One common practice is for law enforcement to create targeted “hot lists” of vehicles, such as plate numbers of stolen cars or cars suspected of being involved in crimes or gang activity. In some cases, especially in Texas, law enforcement will create a list of individuals with overdue court fees. That way, police receive real time updates when particular vehicles are spotted by an ALPR camera.
While the above illustrates the four main ways ALPR is used by police, it is important to recognize some of the adjacent technologies. For example, red light cameras and automated speed traps often use ALPR technology. However, they are usually designed to only collect data on suspected violators, not the public at large. Toll roads and bridges also deploy ALPR technologies to make it more convenient to send bills to drivers. In addition, agencies are combining biometric technology with ALPRs, such as facial recognition or the ability to determine whether someone in the carpool lane actually has a passenger. Cities are also installing motion-sensor cameras that capture plates, but do not digitize them, allowing law enforcement to go back and search only after a crime has occurred. However, it is not difficult to apply software to extract license plate data from the images after the fact.
The Devil Is in the Details
When policymakers are considering whether to adopt ALPR technology, it is not a simple yes-no question. Constituents must pressure their representatives on the specifics: will these cameras be mobile or stationary, and does the purchase include access to a third-party database? Policies should specify how long data will be retained, who outside the agency can access the data, and the specific circumstances that allow an officer to search the data or add a vehicle to a hot list. No police chief or elected official should sign off on an ALPR purchase without first answering these questions and balancing them against their constituents’ rights to privacy.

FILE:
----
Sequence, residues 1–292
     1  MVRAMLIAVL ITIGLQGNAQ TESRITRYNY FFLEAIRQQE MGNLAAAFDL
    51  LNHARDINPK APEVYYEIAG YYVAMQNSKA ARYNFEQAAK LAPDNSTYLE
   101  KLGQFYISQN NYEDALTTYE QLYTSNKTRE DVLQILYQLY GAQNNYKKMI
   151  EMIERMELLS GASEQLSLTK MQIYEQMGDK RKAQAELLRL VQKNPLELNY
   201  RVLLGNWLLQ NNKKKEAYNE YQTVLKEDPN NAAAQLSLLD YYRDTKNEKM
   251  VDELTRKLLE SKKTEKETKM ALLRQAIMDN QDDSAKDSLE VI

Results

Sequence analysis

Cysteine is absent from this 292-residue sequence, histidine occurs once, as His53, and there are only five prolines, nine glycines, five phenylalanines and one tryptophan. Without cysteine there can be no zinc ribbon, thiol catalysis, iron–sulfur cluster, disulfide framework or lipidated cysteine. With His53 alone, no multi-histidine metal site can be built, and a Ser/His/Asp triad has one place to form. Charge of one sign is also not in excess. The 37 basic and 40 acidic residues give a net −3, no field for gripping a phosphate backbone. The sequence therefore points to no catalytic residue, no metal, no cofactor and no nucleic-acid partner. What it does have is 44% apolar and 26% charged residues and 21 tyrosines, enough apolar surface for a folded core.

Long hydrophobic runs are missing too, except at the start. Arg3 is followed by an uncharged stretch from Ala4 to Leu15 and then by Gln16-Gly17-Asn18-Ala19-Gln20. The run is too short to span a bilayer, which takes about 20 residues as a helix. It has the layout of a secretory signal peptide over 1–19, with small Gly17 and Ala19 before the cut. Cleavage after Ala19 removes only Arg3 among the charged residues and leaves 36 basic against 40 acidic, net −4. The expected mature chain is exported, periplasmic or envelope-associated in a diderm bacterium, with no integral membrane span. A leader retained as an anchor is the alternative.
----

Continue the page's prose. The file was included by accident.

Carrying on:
ALPR tech poses a unique threat to privacy because it collects information on everyone, not just those connected to crimes. These systems wouldn’t work at all if the government did not require drivers to post identifying numbers in public view. But unlike an officer writing down plate numbers by hand, the collection and storage on a massive, automated scale can reveal intimate details of our travel patterns that should be none of the government’s business.